Employee stress, reduced productivity, and interest in a workplace health program: a case study from the Australian mining industry

Street, Tamara, Lacey, Sarah, and Somoray, Klaire (2018) Employee stress, reduced productivity, and interest in a workplace health program: a case study from the Australian mining industry. International Journal of Environmental Research and Public Health, 16 (1). 94.

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Abstract

The Australian mining sector has an elevated industry prevalence of stress and high stress related productivity impairment costs. This study surveyed 897 employees from an Australian mining company to identify characteristics associated with: (a) high stress related productivity impairment costs; and (b) likelihood of stressed employees wanting stress management assistance at work. Groups associated with average annual productivity impairment costs in excess of $50,000 per employee included: permanent day shift employees; employees who reported being stressed at work most of the time; employees who reported being stress at work all of the time; and employees who were contemplating better managing their stress in the next 6 months. Overall, 52% of employees who identified as being in the contemplation stage of change for stress management and 52% of employees who experienced stress most of the time reported wanting stress assistance with stress. However, only 33% of stressed permanent day shift employees and 36% of employees who experienced stress all the time reported wanting stress assistance. To achieve a high return on investment when implementing workplace stress management programs in the mining industry, practitioners need to strategically target health promotion to engage stressed employees with high productivity impairment costs and low desire for stress management assistance.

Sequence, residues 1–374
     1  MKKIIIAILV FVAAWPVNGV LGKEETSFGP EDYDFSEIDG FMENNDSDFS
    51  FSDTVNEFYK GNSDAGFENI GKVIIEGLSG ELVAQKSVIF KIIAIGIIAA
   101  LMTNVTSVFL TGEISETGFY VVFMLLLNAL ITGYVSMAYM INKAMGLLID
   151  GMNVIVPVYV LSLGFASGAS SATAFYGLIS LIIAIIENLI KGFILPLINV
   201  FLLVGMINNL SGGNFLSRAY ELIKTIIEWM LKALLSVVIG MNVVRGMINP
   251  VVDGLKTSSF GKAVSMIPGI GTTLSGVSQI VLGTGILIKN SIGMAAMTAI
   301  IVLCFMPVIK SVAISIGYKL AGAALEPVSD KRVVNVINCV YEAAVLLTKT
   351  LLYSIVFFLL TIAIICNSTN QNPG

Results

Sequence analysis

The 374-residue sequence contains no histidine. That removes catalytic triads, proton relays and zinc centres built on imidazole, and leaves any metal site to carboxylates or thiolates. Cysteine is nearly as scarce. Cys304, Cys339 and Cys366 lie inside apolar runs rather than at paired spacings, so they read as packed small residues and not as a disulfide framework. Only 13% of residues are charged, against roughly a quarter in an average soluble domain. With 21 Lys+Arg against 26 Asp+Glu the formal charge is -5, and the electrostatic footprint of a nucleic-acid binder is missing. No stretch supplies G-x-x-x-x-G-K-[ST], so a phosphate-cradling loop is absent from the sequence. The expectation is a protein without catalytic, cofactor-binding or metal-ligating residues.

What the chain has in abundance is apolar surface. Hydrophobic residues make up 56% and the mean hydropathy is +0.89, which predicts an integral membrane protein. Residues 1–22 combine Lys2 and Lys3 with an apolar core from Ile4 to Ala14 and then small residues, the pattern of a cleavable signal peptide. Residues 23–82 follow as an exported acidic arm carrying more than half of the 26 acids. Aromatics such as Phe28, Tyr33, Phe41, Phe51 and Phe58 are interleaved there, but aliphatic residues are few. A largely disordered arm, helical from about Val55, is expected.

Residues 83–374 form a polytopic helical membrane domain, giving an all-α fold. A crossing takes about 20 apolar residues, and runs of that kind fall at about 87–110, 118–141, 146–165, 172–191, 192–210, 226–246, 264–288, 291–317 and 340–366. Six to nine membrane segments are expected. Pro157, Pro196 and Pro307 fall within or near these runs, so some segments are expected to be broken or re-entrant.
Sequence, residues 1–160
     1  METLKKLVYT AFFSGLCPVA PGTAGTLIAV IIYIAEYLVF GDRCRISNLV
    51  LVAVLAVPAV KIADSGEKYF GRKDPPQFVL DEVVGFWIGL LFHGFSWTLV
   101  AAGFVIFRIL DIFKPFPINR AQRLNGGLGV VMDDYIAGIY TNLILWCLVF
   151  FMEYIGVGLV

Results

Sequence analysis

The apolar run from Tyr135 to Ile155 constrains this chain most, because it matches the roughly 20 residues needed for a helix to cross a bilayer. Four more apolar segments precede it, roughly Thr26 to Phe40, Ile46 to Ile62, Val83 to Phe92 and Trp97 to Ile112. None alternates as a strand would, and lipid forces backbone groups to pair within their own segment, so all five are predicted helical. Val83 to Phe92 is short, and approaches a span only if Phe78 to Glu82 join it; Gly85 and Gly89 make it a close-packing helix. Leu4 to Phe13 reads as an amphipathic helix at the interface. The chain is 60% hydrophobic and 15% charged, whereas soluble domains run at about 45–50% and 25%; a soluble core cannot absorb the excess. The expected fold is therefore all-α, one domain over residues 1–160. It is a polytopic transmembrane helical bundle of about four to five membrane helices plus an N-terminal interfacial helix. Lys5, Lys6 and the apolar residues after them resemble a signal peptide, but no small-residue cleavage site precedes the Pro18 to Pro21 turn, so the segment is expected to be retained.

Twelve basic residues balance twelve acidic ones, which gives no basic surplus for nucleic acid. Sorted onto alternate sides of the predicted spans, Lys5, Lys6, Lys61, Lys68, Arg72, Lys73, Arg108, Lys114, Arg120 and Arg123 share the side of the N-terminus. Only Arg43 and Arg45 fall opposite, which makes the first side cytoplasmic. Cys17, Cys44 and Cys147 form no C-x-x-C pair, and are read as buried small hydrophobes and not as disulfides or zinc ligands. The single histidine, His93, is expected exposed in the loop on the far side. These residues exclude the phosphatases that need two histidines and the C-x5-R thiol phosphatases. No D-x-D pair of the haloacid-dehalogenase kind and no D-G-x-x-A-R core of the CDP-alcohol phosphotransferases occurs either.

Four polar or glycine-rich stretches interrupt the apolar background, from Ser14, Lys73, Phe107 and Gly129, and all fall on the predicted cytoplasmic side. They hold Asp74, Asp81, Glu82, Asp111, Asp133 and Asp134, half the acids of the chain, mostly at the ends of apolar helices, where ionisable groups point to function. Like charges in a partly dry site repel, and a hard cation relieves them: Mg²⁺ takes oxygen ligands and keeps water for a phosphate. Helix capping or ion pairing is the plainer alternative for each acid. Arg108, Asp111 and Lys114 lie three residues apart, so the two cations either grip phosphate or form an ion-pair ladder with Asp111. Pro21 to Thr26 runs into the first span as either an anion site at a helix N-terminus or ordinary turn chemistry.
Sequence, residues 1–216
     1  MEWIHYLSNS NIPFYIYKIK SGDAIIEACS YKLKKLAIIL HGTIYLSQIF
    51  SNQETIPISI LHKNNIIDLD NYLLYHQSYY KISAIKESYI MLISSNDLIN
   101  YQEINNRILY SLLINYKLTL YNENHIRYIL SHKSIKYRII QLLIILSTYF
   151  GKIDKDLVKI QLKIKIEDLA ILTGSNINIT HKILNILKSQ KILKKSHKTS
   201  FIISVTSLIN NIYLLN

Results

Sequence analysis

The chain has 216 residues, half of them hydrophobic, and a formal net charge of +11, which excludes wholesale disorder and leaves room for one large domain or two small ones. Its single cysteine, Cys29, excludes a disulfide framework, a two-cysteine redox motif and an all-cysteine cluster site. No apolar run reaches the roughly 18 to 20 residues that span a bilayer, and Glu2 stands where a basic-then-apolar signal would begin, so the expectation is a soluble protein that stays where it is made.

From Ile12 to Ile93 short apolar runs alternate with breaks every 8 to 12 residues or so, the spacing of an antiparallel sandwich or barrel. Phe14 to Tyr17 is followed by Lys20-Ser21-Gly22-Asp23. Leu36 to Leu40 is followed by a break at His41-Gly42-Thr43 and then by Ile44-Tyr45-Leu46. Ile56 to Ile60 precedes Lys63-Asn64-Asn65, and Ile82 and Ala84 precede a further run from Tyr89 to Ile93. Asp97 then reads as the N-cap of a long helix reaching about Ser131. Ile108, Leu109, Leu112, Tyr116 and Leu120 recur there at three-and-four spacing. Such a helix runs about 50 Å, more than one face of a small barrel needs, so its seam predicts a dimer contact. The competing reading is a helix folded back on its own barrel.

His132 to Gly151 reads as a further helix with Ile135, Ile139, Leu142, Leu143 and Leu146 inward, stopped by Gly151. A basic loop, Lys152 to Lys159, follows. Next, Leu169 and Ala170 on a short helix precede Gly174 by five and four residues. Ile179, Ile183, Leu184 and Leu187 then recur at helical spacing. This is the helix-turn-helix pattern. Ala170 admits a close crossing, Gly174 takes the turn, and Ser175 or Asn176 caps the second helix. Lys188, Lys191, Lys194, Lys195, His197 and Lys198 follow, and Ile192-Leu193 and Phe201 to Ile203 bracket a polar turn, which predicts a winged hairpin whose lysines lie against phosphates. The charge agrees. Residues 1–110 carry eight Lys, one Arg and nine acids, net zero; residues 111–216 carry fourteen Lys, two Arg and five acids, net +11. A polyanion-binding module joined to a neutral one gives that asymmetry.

Item ID: 69464
Item Type: Article (Research - C1)
ISSN: 1660-4601
Keywords: work stress; productivity; impairment cost; stress management; employee characteristics; workplace health promotion; health and safety
Copyright Information: © 2018 by the authors. Licensee MDPI, Basel, Switzerland. This article is an open access article distributed under the terms and conditions of the Creative Commons Attribution (CC BY) license (http://creativecommons.org/licenses/by/4.0/)
Date Deposited: 17 Nov 2021 02:12
FoR Codes: 42 HEALTH SCIENCES > 4206 Public health > 420603 Health promotion @ 100%
SEO Codes: 20 HEALTH > 2004 Public health (excl. specific population health) > 200401 Behaviour and health @ 100%
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